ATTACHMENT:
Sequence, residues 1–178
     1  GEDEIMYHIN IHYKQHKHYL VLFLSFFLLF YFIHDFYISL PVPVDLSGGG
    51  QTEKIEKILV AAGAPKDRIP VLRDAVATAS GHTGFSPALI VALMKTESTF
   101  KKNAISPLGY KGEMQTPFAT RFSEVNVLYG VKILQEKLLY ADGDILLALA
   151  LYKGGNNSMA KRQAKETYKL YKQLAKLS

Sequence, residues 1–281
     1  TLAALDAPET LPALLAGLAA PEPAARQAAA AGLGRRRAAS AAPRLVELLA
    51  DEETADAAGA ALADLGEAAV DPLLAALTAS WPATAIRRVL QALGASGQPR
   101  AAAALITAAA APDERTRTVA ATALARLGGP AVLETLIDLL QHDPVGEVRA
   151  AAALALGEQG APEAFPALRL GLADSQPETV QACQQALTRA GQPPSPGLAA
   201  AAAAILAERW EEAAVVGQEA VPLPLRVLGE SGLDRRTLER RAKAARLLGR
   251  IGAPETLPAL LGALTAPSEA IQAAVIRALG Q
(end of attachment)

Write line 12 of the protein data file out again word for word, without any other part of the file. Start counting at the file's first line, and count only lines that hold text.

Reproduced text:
   251  IGAPETLPAL LGALTAPSEA IQAAVIRALG Q